Antidepressants May Relieve Diabetic Symptoms
> 6/11/2009 9:21:44 PM

Depression and diabetes are two common conditions that do not resemble each other but appear to be inextricably linked. Type II diabetes, the variation largely blamed on poor lifestyle and dietary practices, has long been linked to mood disorders - affected subjects are twice as likely to suffer depression as the general population. Is this because diabetes fosters depression, or can depression actually cause diabetes?

A new study confirms and elaborates on the two-way cause and effect relationship between the two conditions. Certain behavioral triggers (obesity, social isolation, lack of exercise) have been known to cause both depression and diabetes, but limited research left the academic community unable to definitively explain these shared factors. It now appears that depression's influence on diabetes risks is considerably greater than diabetes' ability to induce depression.

The study involved 55 subjects enrolled in diabetes prevention programs who bore symptoms of “pre-diabetes” (they were overwhelmingly obese and female and their lifestyles were accordingly sedentary). After administering a standard depression survey, researchers determined that at least 1 in 3 subjects were depressed, also noting that 20% of the group was on some sort of antidepressant treatment regimen when the study began. Researchers continued to survey subjects throughout the study to determine their respective levels of depression, finding a directly inverse relationship between depression and diabetes' primary symptom, insulin resistance - as depression improved, subjects grew less sensitive to insulin. This held true even after researchers controlled for all related lifestyle variables.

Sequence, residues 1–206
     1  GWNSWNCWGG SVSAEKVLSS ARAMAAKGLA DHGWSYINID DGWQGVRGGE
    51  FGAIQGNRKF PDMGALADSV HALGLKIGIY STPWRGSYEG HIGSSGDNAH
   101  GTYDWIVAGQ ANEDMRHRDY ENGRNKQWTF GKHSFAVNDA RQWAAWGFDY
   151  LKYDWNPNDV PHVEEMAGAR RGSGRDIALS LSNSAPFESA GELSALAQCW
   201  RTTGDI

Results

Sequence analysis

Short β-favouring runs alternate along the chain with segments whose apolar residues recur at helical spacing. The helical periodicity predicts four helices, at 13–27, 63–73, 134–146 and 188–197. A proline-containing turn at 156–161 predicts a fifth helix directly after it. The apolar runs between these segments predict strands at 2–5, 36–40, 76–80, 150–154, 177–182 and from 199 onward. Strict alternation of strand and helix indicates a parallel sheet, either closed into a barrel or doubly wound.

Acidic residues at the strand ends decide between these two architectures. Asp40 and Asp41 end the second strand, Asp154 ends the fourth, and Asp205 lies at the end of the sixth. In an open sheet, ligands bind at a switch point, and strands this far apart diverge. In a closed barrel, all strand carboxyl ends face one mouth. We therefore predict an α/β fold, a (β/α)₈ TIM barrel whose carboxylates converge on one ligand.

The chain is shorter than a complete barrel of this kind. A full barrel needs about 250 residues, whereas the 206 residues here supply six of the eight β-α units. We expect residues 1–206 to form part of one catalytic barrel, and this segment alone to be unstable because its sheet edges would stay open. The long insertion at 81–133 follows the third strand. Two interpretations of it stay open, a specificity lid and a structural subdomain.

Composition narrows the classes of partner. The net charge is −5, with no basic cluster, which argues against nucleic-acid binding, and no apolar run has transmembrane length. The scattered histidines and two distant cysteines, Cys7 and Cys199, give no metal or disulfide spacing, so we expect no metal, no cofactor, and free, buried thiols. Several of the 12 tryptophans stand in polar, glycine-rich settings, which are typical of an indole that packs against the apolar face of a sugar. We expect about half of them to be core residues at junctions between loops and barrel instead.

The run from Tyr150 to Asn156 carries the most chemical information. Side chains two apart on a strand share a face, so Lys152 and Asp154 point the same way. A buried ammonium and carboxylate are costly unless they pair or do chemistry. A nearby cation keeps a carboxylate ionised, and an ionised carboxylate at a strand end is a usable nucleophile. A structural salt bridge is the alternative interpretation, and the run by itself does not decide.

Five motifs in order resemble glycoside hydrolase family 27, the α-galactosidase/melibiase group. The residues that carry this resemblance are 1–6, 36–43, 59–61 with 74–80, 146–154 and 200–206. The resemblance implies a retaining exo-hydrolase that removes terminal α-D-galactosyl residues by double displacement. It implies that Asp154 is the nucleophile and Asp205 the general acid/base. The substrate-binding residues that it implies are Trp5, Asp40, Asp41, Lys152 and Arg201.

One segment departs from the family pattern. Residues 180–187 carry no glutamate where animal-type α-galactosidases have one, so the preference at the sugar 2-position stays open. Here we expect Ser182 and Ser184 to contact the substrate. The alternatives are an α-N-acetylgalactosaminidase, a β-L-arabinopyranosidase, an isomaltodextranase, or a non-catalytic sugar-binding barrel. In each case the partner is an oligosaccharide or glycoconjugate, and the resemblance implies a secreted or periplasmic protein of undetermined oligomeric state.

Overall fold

What caused this change? The most likely suspect remains the stress hormone cortisol, a major byproduct of the anxiety common to depressive subjects. Excessive amounts of cortisol slow blood sugar metabolism and render the body more sensitive to insulin, so the abnormally high presence of cortisol in the blood of depressed subjects understandably heightens their pre-existing diabetic symptoms. Medication can all but eliminate this change: the insulin levels of depressed, medicated subjects mirrored those of standard, non-depressed diabetics.  We can’t yet say that antidepressants relieve the diabetic symptoms of affected individuals. But we can state with certainty that depression is more common among diabetics and that any individuals with a family history of diabetes should be particularly sensitive to signs of depression – it will intensify their symptoms if left unchecked.

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